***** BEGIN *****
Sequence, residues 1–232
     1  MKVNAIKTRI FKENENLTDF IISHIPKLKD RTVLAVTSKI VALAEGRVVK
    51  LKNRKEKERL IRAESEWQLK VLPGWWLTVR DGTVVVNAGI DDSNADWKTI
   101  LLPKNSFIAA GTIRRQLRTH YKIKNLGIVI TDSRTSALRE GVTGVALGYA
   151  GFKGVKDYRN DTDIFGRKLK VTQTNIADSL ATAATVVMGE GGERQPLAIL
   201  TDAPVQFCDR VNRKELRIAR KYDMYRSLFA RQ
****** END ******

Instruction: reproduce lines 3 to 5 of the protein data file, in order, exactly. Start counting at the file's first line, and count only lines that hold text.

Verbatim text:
    51  LKNRKEKERL IRAESEWQLK VLPGWWLTVR DGTVVVNAGI DDSNADWKTI
   101  LLPKNSFIAA GTIRRQLRTH YKIKNLGIVI TDSRTSALRE GVTGVALGYA
   151  GFKGVKDYRN DTDIFGRKLK VTQTNIADSL ATAATVVMGE GGERQPLAIL